Imagine that your Headteacher came in one morning and said, ‘take the day off, go on, go and do whatever you want!’. But imagine that he or she also said you couldn’t do any school work, or housework, or other jobs like this, it had to be a day off, doing something for you, something that would truly rejuvenate yourself. This is self care, and basically we don’t do enough of this, but we must, if we are to feel like we have some assemblence of a reasonable work-life balance.
If your Headteacher did say you could have the day off, would you grasp it with both hands and know exactly what you’d do, or would you actually feel guilty at the prospect of such an indulgence? Self care is important if you want to be your best at work so don’t feel guilty. Let me give you a car analogy. There’s probably certain checks and maintenance you’d do on your car if you planned to go on a long journey as well as the general maintenance throughout the year. And you’d need to ensure you had a mechanism to refuel too! Self care is the human equivalent. It might seem counterintuitive to spend time ‘frivolously’ when you could be doing a whole host of things on your long ‘to do’ list. However, caring for yourself is essential (even in little ways) to your health, general well being, and work-life satisfaction. So, Coach Julie Cohen says:
- commit time and energy to looking after yourself – have specific and sacred time booked in just for you.
- put yourself first – believe in the benefits of focusing on yourself because if you don’t, you’ll feel you are stealing time from some other activity you could be doing
- stay clear on what matters to you – what are your self care priorities and how do you want them to make you feel?
- surround yourself with a supportive environment – who are the people who can offer you support and encouragement to engage in your self care?
If you are unhappy with your work-life balance, one of the first things you must do is look at your priorities – do you spend enough time on what is important to you? The common problems are that people haven’t prioritised, or they have but haven’t acted upon them (or don’t know how to), or have come up against one of the low priority creep barriers that side tracks you.
- The first thing to do is create a vision, a professional and personal vision. Once you have done this it’s easier to make sound decisions.
- There are a number of ways you can create a vision, and include imagining your future self, writing a future job description in 5/10/15 years, or even write a plan of where you want to be in 5/10 years. Whatever this future vision looks like, it must excite you, and concern what’s really important to you now.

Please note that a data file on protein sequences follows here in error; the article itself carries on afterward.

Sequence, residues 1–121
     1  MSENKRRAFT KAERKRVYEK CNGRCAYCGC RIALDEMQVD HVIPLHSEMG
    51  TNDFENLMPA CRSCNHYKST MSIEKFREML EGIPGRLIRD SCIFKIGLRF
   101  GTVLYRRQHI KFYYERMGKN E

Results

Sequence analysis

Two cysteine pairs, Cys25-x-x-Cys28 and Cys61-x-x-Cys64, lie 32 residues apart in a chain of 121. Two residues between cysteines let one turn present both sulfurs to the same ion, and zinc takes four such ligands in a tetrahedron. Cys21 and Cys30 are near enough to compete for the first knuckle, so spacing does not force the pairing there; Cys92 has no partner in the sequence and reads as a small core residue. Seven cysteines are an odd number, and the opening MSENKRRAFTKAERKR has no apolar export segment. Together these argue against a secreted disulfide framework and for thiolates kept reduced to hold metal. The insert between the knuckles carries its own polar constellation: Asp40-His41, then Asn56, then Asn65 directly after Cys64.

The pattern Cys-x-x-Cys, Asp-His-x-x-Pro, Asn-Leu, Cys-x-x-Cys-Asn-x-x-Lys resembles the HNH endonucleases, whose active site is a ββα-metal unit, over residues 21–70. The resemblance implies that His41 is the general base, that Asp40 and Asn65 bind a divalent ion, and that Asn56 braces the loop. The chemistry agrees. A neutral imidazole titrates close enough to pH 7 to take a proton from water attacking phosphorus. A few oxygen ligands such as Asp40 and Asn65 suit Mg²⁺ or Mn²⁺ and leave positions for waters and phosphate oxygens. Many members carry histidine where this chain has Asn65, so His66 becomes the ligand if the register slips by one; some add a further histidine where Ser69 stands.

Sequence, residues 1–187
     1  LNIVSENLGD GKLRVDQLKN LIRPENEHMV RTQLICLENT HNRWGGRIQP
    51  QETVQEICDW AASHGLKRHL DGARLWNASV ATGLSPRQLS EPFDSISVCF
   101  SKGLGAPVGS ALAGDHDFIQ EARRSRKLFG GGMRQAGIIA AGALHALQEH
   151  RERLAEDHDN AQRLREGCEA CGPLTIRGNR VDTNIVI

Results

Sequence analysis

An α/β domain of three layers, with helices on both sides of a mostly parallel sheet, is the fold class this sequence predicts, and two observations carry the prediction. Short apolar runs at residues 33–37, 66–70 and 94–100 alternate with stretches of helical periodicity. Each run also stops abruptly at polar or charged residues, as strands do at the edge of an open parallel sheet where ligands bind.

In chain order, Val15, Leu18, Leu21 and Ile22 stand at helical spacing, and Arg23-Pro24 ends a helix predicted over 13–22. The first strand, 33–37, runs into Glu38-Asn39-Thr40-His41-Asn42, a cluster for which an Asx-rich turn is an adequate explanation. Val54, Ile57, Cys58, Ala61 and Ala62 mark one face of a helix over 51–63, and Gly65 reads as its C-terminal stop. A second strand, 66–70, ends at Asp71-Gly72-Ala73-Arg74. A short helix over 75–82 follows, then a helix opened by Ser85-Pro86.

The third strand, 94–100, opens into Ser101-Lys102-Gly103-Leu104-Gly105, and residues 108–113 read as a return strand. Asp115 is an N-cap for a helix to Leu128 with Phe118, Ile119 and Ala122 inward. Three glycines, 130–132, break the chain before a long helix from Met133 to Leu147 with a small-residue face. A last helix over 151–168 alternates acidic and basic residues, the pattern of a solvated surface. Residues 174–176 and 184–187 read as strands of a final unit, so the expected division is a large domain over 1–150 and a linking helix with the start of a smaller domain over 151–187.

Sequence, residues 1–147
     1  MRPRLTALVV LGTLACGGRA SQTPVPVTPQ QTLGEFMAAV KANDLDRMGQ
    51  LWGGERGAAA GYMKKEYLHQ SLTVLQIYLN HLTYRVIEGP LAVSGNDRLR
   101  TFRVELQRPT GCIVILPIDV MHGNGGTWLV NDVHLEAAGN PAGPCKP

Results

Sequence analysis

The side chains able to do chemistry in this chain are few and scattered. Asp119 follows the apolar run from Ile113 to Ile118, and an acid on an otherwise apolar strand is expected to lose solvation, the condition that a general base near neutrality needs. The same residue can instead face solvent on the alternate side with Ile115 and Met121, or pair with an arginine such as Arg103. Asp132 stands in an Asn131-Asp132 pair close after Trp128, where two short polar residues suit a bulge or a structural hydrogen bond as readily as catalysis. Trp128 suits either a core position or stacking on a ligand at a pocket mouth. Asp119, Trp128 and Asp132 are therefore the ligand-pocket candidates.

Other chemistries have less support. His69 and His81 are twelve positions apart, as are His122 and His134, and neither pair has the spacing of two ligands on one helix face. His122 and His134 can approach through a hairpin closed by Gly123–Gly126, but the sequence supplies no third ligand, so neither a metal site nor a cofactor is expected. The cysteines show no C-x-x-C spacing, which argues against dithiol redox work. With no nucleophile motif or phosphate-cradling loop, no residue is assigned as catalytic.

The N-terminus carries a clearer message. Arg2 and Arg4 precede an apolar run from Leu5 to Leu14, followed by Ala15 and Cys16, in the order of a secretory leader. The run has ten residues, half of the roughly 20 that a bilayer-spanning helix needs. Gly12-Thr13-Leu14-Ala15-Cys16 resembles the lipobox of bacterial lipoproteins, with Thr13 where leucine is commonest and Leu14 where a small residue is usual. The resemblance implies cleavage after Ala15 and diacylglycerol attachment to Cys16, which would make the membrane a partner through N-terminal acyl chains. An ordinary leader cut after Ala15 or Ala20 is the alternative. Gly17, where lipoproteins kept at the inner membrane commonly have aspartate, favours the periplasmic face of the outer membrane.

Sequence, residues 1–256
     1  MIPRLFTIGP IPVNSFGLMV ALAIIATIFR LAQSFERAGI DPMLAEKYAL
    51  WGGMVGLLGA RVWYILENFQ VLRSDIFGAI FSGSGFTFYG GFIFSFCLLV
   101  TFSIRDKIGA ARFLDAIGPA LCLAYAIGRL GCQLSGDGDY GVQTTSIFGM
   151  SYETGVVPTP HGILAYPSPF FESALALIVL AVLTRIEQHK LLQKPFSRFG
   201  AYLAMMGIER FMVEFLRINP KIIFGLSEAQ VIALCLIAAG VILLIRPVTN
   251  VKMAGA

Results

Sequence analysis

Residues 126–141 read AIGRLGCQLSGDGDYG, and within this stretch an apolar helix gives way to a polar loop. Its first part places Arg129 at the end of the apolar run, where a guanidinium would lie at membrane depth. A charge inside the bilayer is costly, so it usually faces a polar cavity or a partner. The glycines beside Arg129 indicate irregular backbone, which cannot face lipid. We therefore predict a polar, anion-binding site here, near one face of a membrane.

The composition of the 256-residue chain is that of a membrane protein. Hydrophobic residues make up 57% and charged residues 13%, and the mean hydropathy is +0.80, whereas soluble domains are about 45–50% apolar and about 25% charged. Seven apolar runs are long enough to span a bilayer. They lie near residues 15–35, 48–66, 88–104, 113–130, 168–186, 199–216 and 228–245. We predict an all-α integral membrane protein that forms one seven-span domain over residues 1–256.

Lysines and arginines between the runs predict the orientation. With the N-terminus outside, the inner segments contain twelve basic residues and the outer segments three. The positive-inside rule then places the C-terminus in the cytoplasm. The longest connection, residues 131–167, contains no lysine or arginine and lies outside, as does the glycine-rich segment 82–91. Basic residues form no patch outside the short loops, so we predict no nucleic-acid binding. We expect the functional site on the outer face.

- Now you can develop your priorities. Break this vision/big picture into manageable chunks and decide what are you going to commit to doing in the next 6 months, to move towards your vision. But be realistic. Set yourself up for success. And think about financial, and time resources, energy levels and if you are really ready and willing to do this.
- Now as you will know, there can be a disconnect between knowing your priorities and doing something about them! So, you’ll need to secure time that is sacred, each day, week, and month. For example, think about how you will plan each day, and select maybe 2 or 3 priorities (professional and personal) that will help you work towards your vision. Also think about changes that you need to make, or support you need, to do this.
- You will also need to think about where to plan, for how long, and how you will ensure it’s sacred?
- So now plan! This is, of course, a tangible way to move forward. And don’t forget to plan a routine to evaluate and revisit your progress, this way you’ll be able to celebrate the strides you are making towards the work-life balance you want!
Did I get your attention? Good. Because there’s a lot of talk about work-life balance. It’s something we strive for but often never seem to achieve. And the reason is simple – this concept is not a destination or end state but rather a journey towards a desired state of being. You might achieve moments or days of ‘balance’ but it’s not likely to be experienced on a permanent basis. So there’s the bad news. But the good news is if we understand what barriers lay before us, that are stopping us from moving towards our desired state, and then do something about them, we are more likely to feel good about our lives. So how satisfied are you with your work-life balance?
- Rate your work-life balance from 1 to 10 (’10’ being you stop reading this blog right now because it’s just perfect, and ‘1’ being you have no life as such and can’t see a way forward. When doing this exercise, think about how satisfied you are with your relationships, working hours, the work you do, how in control of your life you are, if you exercise, sleep, and can relax easily as well as interests you pursue, and major stressors in your life.
- Now write a 3 word descriptor about how you feel about this number. If it’s a ‘3’ then you might write, ‘stressed and tired’, or a ‘7’ might be, ‘sometimes it’s fun’.
- Document the 2 actions above and write down the date too.
- Now imagine what is possible! Vividly visualise what your ideal desired state would be, thinking about how your personal and professional worlds might compliment each other. Think about the choices and actions you make that will move you towards this ideal state. How do you feel when you visualise being there? What does it look like? How is it different from now?
- Now write down a 3 word descriptor for this new ideal state. It could be, ‘I’m in control’, or, ‘weekends are mine’.
- Of course, moving towards your desired work-life balance needs you to actually make the right choices and then take action. So, what are you waiting for!